Ford Motor Co. is cutting jobs in Europe and backing away from less profitable models as part of a major restructuring effort, the company announced Thursday. It’s the latest sign of big changes in a global auto industry.
The company will stop production at a plant in Bordeaux, France, which makes automatic transmissions. Ford is also in talks with worker groups over the possibility of eliminating the production of two small minivan models currently manufactured in Germany.
“The plan will result in fewer jobs — both hourly and salaried — but it is premature to speculate on how many as we have just begun discussions with our Works Council and union partners,” a company spokeswoman said in a statement.
The automaker employs approximately 54,000 people in Europe.
Jaguar Land Rover, in the U.K., also announced on Thursday it would be eliminating 4,500 jobs as part of a cost-cutting effort.
Tim Urquhart, a principal automotive analyst at IHS Markit, says Ford has experienced “a very difficult market environment” in Europe, facing pressure from premium carmakers and more affordable brands.
Luxury brands like Audi, BMW and Mercedes-Benz are offering smaller vehicles that appeal to a wider range of consumers, he says, while budget options like Hyundai and Kia are growing in popularity among price-conscious Europeans.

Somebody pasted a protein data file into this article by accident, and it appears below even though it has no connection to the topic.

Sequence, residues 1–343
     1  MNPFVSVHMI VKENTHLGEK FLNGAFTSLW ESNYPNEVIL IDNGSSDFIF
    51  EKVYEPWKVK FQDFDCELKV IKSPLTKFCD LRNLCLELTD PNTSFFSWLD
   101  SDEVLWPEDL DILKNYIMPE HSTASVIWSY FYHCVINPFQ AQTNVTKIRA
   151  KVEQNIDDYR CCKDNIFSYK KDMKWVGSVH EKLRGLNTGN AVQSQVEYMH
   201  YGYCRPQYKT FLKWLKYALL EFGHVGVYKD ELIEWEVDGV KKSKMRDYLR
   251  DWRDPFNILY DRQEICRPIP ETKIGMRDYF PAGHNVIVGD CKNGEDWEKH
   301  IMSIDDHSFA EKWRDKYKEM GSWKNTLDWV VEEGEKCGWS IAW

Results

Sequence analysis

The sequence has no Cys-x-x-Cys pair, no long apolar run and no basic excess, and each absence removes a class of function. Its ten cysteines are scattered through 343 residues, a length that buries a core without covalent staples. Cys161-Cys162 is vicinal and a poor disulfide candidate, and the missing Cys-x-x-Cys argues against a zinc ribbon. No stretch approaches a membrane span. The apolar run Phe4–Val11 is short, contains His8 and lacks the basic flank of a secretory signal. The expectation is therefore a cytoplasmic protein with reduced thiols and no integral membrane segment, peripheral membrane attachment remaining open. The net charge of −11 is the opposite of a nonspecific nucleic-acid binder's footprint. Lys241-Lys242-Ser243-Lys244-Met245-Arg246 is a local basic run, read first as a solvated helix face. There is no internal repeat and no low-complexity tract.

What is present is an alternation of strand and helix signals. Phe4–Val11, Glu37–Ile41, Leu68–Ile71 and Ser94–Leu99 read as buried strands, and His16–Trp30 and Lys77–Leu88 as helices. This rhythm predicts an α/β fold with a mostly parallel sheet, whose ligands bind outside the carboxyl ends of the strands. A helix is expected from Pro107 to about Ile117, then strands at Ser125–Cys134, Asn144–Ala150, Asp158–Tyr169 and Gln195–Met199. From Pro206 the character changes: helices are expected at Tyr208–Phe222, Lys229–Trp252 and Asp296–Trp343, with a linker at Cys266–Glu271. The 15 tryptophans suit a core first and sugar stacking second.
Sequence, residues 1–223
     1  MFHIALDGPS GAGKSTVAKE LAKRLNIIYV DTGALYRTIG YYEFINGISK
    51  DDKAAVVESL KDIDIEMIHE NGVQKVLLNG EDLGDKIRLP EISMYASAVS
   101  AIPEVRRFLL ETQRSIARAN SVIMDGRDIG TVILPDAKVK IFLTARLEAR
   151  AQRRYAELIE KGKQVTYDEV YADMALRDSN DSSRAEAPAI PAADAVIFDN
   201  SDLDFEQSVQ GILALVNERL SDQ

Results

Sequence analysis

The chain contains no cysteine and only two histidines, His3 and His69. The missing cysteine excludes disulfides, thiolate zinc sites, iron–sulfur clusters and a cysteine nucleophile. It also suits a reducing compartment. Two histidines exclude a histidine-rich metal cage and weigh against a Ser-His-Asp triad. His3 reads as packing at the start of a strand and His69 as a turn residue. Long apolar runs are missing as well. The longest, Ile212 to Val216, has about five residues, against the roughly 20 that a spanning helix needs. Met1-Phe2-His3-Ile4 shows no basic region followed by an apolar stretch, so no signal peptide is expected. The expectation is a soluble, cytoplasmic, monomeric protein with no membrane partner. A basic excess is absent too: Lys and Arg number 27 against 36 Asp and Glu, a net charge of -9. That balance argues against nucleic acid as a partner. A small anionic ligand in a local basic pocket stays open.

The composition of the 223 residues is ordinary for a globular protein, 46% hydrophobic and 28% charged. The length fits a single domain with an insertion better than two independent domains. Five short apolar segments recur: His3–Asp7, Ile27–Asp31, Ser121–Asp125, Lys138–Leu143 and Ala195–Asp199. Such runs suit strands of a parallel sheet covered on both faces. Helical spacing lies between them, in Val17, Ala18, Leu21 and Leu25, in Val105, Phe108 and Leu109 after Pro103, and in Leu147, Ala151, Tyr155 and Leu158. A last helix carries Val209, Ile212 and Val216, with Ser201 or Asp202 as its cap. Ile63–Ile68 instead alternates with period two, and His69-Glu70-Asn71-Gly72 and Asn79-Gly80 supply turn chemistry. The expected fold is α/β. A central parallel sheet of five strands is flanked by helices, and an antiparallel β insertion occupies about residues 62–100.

“I call companies like Ford … the squeezed middle,” Urquhart says. “They’re being squeezed from both angles.”
New emissions regulations in the European Union are also posing a challenge for automakers, while Britain’s pending exit from the EU is causing uncertainty for the industry. And consumer tastes in Europe — like in the United States — are shifting away from cars and toward crossovers and small SUVs.
But it’s not just the perils of the European marketplace. Ford’s cost-cutting measures are also responding to global trends, says Jessica Caldwell, the executive director of industry analysis at Edmunds.
Ford is in the midst of a massive, worldwide restructuring effort, and General Motors has also announced layoffs and plant closures in recent months. Caldwell says both companies have invested heavily in developing self-driving cars and electric and hybrid vehicles.
“They’re looking globally and trying to figure out, ‘How can we streamline production, cut costs, so we can invest in this new venture that we haven’t had to invest in before?’ ” she says.
Many automakers are also bracing for an expected slowdown in global demand for cars, Caldwell says.
On Thursday, an auto industry group in China announced that car sales in that country declined in 2018, the first time in decades.